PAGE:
A radial-arm saw blade spews loads of material behind it. But with our catch-all dust collector, you can contain the mess, and route it into your dust collection system.
Here’s how to make a jointer and planer pay for themselves.
Let Mother Nature be your co-designer as you build dazzling projects with wavy edges, bristly burrs, bark inclusions, and other “flaws” that give wood a look of unrefined beauty.
Compared to the versatility of the tablesaw and jointer, the planer is a one-trick pony. Its only purpose in life is to machine opposite faces of stock parallel with each other and to a desired thickness. Of course, even a pony has to learn its one trick well before you put it through its paces—and the same goes for a planer.
A jointer requires fewer adjustments than a tablesaw—just three or four, depending on the design of your machine.
What separates a “nice” project from a “great” one can be simply several details better executed.
Sometimes it’s easy to take the simplest-looking things for granted. While working on a scrollsawn picture for one of my kids, I spent more time thinking about the process of making the picture than the frame I would put around it. After all, how hard can it be to miter a simple frame? I’m pretty happy with the frames I’ve made, but the skill came from a lot of practice and some solid techniques. Here are some of the things I've learned, occasionally the hard way. Note: I focus on making a frame using a mitersaw.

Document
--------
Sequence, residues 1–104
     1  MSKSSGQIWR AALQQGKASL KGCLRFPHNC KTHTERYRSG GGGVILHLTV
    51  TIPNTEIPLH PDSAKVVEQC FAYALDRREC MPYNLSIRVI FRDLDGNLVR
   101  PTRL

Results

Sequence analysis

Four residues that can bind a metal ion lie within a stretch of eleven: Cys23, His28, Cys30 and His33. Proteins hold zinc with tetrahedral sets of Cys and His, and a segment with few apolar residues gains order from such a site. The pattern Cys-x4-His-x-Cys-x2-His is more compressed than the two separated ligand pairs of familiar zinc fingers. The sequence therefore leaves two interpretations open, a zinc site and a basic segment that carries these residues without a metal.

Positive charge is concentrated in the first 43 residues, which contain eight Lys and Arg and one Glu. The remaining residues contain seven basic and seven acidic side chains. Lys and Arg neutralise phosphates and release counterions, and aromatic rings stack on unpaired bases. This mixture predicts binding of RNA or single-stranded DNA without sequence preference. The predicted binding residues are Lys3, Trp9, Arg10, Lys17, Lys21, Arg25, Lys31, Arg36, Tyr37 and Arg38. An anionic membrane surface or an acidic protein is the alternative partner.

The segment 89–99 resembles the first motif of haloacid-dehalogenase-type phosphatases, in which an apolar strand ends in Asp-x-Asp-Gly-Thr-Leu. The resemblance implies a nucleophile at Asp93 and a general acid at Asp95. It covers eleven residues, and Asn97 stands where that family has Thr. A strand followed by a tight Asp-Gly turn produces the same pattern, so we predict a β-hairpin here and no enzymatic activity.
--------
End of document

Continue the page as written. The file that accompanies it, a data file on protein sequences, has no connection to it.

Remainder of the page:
Thin-wall PVC pipe and fittings
Lightweight, easy to cut, and available at home centers, thin-wall PVC presents the low-cost option. An airtight system can be assembled dry (no glue) using self-tapping screws, allowing for reconfiguration. Cutting stock 10'-long pipe to exact length eliminates couplings.
Here's a tune-up process for your tablesaw and bandsaw that doesn’t take much time and returns their dead-on accuracy.